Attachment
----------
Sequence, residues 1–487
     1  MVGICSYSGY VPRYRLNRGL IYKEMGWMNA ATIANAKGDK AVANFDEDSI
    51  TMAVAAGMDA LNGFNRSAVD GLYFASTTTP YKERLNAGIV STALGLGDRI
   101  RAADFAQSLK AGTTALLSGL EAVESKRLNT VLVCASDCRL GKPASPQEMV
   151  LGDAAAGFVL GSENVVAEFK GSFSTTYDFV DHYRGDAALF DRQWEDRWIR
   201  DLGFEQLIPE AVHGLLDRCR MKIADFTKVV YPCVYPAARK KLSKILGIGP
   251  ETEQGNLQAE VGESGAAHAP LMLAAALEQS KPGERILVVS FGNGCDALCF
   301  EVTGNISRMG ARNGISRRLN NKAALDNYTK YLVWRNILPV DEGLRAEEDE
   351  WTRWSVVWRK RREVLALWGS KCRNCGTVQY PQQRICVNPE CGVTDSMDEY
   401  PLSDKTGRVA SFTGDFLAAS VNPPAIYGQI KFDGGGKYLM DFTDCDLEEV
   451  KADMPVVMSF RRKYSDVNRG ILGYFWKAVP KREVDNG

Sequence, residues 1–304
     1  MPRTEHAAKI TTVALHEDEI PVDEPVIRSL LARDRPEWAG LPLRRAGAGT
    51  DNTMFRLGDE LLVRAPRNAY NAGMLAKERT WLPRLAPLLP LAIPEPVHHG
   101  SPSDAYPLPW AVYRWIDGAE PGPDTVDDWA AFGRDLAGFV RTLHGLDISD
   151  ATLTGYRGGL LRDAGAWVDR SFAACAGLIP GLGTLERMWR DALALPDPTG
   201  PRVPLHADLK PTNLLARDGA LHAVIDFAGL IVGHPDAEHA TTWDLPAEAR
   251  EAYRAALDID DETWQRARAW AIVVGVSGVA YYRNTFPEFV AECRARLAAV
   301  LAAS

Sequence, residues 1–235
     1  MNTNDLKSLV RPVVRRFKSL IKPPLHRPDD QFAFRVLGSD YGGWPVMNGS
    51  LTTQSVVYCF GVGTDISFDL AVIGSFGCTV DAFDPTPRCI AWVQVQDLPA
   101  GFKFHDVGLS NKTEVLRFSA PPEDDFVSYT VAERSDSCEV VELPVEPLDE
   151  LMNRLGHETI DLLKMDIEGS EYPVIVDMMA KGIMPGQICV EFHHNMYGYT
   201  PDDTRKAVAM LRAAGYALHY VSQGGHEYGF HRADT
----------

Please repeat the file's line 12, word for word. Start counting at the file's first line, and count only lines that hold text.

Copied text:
Sequence, residues 1–304